401(k) lawsuits are nothing new, but their numbers have been on the rise. A record number of suits were filed in 2020, more than double the amount filed in 2018 and an 80% increase over 2019, according to Groom Law.
The initial upsurge in lawsuits from more than a decade ago was focused primarily on conflicts of interest and excessive participant fees. Recent lawsuits have homed in on investment results, and two trends have emerged:
- Passive funds — even with lower fees and less management discretion — are being targeted.
- Poor investment results are being invoked more frequently as a barometer of whether the fiduciary due diligence process was sufficient.
Passive funds do not get a free pass
The recent legal challenges have upended the strategies of many plan sponsors to fill up plan menus with passive index funds in the belief they are lower cost and less likely to be challenged from a fiduciary perspective.
But the truth is, passive funds have not been exempted from these challenges. Consider the following lawsuits against 401(k) plans that used passive investments:
These cases are consistent with what Groom Law Group, a firm specializing in ERISA law, had earlier concluded in a paper commissioned for Capital Group: that passive strategies do not reduce fiduciary liability.
Ironically, active funds may be less vulnerable to a fee challenge. With an active fund, a plan sponsor can argue that the higher fees are justified because they can potentially offer better risk-adjusted results.
Investment results in the spotlight
Fee-related litigation may have formerly dominated the headlines, but recent settlements involving two of the largest retail employers have pivoted on results, not fees. Walgreens reached a $13.75 million settlement in a lawsuit that accused the plan of selecting passive target date funds that were “chronic poor performers.”‡ Lowe's reached a $12.5 million partial settlement in a lawsuit that accused the company of investing $1 billion in plan assets in an underperforming and unpopular growth fund.§
These lawsuits and subsequent settlements make it clear that plaintiff attorneys have raised the bar on what plan sponsors need to do to get their participants the best investment results possible.
Better results generate better outcomes
This may be a welcome development, as strong investment results can meaningfully improve participant outcomes. Consider the hypothetical scenario below. Early in a participant’s career, at age 25 in the example, 94% of their account balance comes from contributions. Fast forward to the traditional retirement age of 65 and roughly 70% of total wealth can come from investment returns while just 30% is from contributions. Boosting results on that 70% can meaningfully move the needle for retirement readiness, demonstrating the compounding value money creates while making money.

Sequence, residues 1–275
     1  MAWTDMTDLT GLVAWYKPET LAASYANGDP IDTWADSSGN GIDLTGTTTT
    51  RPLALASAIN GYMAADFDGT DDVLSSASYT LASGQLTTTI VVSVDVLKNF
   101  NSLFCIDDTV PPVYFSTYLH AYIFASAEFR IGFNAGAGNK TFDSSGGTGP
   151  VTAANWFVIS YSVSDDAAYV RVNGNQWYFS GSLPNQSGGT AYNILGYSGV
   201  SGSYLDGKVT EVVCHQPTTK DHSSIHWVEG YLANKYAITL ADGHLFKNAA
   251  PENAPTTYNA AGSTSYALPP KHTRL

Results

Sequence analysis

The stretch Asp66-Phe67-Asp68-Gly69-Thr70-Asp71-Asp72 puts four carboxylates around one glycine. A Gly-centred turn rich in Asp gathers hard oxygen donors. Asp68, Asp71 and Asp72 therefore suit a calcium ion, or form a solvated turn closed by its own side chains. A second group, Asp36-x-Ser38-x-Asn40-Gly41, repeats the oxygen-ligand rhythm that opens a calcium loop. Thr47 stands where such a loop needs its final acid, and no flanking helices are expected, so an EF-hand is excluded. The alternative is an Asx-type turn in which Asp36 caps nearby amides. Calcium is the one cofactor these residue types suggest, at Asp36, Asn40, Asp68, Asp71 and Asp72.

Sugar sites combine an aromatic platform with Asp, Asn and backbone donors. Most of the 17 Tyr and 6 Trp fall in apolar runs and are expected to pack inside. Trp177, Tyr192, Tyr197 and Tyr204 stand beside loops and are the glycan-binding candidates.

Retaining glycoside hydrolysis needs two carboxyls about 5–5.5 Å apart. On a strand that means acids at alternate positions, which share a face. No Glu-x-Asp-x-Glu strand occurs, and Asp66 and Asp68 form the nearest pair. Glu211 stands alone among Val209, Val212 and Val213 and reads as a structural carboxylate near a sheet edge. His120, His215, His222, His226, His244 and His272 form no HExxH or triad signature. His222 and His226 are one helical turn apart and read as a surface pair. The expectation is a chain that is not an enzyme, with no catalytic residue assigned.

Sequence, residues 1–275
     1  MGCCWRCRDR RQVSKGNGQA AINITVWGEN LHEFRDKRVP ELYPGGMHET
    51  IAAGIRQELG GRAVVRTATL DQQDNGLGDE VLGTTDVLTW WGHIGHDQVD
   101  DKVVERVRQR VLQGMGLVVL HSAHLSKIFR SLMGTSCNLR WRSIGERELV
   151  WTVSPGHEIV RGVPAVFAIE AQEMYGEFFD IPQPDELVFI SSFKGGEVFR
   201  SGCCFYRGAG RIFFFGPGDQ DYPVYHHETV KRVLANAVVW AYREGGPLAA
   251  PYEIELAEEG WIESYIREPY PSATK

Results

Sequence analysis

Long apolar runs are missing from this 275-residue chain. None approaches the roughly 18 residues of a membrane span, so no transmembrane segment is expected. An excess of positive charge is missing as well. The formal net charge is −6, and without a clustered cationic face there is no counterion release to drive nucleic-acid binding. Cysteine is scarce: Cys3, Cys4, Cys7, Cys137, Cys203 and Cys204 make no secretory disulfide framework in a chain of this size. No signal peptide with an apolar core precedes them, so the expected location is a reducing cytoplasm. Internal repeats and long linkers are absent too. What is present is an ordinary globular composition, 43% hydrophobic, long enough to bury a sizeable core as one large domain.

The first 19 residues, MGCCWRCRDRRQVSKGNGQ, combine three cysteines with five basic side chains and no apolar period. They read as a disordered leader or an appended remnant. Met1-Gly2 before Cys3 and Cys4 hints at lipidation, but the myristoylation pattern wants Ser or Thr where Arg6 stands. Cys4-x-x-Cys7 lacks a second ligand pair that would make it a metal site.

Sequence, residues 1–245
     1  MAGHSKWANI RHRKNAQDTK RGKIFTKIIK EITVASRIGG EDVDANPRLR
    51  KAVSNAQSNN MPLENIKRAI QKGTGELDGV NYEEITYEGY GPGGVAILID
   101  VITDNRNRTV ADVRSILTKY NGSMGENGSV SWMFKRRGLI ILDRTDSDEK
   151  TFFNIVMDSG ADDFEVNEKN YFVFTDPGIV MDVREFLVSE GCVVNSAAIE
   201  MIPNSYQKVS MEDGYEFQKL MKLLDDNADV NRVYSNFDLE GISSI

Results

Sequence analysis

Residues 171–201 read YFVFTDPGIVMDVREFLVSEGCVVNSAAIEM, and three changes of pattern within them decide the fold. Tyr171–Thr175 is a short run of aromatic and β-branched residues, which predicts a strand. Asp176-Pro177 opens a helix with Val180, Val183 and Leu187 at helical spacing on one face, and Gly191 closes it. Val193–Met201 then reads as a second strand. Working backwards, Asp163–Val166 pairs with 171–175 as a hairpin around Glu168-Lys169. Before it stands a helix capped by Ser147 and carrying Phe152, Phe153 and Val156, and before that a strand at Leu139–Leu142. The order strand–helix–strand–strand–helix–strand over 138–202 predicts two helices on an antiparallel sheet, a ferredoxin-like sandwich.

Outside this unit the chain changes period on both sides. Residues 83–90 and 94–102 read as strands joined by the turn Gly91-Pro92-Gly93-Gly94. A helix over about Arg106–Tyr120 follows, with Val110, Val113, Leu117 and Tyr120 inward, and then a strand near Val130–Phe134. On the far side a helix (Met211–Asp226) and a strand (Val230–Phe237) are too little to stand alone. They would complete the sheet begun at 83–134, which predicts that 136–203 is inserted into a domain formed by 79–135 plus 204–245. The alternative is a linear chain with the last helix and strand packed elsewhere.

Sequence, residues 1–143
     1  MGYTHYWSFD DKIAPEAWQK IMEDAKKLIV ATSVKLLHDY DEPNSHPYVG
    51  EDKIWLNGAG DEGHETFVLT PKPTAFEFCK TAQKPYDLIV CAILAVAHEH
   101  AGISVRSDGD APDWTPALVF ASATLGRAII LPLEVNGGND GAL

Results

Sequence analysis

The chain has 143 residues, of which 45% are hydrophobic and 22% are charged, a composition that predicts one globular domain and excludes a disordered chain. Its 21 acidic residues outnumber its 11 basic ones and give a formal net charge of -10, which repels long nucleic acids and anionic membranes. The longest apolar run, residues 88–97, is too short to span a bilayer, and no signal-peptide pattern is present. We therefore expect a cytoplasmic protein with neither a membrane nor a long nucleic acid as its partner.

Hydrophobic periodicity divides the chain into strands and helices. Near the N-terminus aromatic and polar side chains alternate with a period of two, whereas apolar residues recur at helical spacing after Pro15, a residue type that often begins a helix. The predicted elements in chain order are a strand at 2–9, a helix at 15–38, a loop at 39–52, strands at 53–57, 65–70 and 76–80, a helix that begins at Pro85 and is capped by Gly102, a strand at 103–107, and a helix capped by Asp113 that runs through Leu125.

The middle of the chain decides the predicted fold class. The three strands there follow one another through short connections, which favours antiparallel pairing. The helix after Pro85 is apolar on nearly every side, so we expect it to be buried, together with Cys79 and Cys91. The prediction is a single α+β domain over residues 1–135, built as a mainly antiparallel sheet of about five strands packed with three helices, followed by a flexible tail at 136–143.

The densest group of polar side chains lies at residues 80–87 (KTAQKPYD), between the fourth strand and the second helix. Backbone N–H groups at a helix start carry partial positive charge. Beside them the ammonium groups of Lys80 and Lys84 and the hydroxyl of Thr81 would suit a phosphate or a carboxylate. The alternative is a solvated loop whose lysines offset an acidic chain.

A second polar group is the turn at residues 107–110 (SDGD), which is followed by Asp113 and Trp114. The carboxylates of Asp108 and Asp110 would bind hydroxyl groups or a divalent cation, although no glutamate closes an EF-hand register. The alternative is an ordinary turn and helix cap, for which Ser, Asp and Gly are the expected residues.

Returns matter more than you think
That’s why investment selection might be the most important decision plan sponsors make. Even small increases in returns can dramatically improve outcomes, adding years of retirement spending.
Three metrics for long-term investment success
As a retirement plan professional, you have a unique opportunity to help plan sponsors identify the right investments to pursue dignified retirements for participants. While no metric can predict results for any fund or manager, consider these three metrics when looking for funds that have generally been associated with stronger equity results over the long run (especially with active funds):
- Low expenses: Some active managers may not be able to justify their expenses compared to passive peers. It might be worth looking into those that can.
- Manager ownership: Fund managers’ interests may be better aligned with a participant’s when they invest in their own funds, as both then share in a fund’s potential risk and reward.
- Downside capture: Reducing the effect of market volatility may not only boost long-term results, it can positively affect participant behavior.
Enhance the manager selection process
While the pace of 401(k) lawsuits shows no signs of slowing down, the best way to manage 401(k) litigation is to avoid being sued in the first place. And while a prudent process is essential, it may not be enough when investment results are now being targeted along with fees.
These screening factors above may enhance the manager selection process, which in turn could help plan sponsors select investments that may have the potential to deliver the best long-term investment outcomes to their participants. And better participant outcomes, at the end of the day, is the noble quest all of us in this industry share.